By Sarah Mac Donald - 06 July, 2014
"The priest is called to nourish the faith of God’s people, but the faith of God’s people also nourishes the priest."
The Irish Dominicans celebrated the ordination of two new priests in a ceremony presided over by Archbishop Diarmuid Martin on Saturday at St Saviour’s Church in Dublin’s Dominick Street.
Fr Colm Mannion OP from Birr in Co Offaly worked with an international airline and for the Legion of Mary before entering the novitiate.
Fr Luuk Jansen OP is originally from the Netherlands and discovered the faith through a colleague while working in the west of Ireland.
A number of years after being baptised, he entered the Irish Dominican novitiate in Limerick and continued his formation and studies in Dublin which culminated in his ordination as a priest yesterday.
A third Dominican friar, Br Matthew Martinez, will be ordained in August in his native Trinidad, where the Irish Dominicans have a mission.
In his homily, Archbishop Diarmuid Martin told the packed church that being a priest today is not easy, but he added that being a good priest is both challenging and fulfilling.
“Priesthood is not a prize to be attained, but a calling to empty ourselves. Priesthood is not a claim to special privilege or to external dignity. The Gospel stresses the fundamental link between leadership in the Church and the sacrifice of the Eucharist,” the Archbishop said in his homily.
He underlined that priesthood is a calling to live a life of service and simplicity and a “ministry of service like that of Jesus.”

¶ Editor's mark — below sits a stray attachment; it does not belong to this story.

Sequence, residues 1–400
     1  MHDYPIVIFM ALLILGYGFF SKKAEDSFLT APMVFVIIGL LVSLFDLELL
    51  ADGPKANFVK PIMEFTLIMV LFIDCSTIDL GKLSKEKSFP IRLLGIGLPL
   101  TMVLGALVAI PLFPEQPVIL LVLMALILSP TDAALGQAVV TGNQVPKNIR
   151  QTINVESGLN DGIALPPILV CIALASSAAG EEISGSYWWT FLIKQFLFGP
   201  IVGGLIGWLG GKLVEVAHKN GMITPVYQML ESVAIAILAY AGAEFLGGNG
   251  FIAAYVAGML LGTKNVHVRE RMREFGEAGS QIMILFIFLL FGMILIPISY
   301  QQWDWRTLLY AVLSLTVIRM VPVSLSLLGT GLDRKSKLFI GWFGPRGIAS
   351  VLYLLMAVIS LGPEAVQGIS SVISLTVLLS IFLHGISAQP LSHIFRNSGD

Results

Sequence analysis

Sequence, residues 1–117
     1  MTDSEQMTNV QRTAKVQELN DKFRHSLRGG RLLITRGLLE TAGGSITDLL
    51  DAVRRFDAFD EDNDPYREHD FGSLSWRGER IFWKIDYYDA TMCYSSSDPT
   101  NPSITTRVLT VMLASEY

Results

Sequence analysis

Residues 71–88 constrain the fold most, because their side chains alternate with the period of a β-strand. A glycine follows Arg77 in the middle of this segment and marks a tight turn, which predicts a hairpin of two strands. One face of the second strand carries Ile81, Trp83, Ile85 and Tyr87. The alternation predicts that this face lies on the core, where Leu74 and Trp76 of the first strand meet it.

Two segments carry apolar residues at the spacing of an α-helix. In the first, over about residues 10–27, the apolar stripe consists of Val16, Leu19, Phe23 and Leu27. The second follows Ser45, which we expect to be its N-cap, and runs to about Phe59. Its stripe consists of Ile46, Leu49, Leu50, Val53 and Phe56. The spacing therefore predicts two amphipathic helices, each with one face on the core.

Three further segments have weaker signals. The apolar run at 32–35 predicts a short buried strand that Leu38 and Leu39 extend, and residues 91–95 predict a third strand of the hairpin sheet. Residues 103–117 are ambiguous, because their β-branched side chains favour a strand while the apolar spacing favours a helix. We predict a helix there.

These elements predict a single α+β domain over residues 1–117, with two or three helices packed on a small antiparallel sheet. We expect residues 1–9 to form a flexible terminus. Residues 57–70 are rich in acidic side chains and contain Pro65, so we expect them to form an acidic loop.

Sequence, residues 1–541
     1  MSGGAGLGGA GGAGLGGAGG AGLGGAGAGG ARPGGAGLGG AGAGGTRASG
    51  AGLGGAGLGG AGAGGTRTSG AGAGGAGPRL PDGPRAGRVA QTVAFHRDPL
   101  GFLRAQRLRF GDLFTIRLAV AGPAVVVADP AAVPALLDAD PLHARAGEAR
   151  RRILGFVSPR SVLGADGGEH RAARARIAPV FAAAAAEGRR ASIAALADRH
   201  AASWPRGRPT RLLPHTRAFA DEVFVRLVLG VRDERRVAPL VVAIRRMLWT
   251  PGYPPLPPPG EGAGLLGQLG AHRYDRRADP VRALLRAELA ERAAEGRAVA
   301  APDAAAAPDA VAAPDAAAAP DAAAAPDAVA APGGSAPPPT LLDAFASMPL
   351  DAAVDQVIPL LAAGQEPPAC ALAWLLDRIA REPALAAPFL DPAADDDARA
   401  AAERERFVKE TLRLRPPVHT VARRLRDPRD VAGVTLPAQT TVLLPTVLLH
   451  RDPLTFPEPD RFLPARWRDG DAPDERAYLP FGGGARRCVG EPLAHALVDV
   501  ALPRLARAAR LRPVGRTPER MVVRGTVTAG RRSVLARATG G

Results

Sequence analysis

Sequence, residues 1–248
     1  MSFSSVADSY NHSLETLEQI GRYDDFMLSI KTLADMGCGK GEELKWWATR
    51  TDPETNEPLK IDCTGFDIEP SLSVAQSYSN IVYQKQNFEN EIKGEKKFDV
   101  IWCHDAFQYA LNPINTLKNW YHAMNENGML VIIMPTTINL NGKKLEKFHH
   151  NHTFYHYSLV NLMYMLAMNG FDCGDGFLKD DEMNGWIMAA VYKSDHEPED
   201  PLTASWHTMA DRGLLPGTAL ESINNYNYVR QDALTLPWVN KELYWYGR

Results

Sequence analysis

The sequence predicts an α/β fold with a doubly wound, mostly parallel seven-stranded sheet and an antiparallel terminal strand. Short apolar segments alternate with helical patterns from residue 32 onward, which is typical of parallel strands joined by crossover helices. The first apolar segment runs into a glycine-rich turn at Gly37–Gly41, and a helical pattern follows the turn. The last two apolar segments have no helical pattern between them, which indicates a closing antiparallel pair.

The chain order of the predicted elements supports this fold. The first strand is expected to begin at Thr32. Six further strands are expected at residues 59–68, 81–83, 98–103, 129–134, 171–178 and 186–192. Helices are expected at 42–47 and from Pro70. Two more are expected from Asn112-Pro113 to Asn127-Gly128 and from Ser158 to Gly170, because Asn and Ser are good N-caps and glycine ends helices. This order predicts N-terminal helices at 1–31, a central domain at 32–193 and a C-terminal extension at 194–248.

“We gather as a community of family and friends of these two Deacons, Colm Mannion and Luuk Jensen who are to be ordained priests in the Dominican Order through the prayer of the Church and the laying on of hands.
We rejoice with the Dominican community here in Dominick Street and in the entire province and with all those who have been responsible for the spiritual and academic formation of these two future priests.
The Archbishop underlined in his homily that priesthood “is not a prize to be attained” but a calling to be conformed to Jesus Christ, the High Priest” and that our vocation and destiny are formed in the womb before we are born.
“There is a danger in today’s world that the priest can lose direction and that despite being busy doing ‘priestly things’ he actually becomes something else.”
The congregation was told that the priest is not a social worker, or the leader of a social movement or a social commentator or a social reformer.
“The priest is the one who knows Jesus Christ and who attracts people not because of things that he does but because his faith in Jesus gives his life an integrity which allows him to be a true Father to those encounters.”
The priest is called to nourish the faith of God’s people, but the faith of God’s people also nourishes the priest.
“Priesthood is not a caste. The priest may never look down on or feel superior to God’s people. To do so would be to pretend oneself to be God himself.”
The Archbishop asked how many of us have turned in difficult moments to a good priest.
How many of us have gotten an answer to complex personal problems, not because the priest had special technical skills in counselling, but because we saw in him Gospel wisdom inspired by integrity in life.
He said it was an encounter with Gospel wisdom which would attract young people to the priesthood.
“We need more priests, but we will attract more priests in the measure in which all of us priests rediscover our own priesthood and rebuild our relationship with Jesus Christ and live that relationship with renewed vigour, but always in a spirit of humility and service.”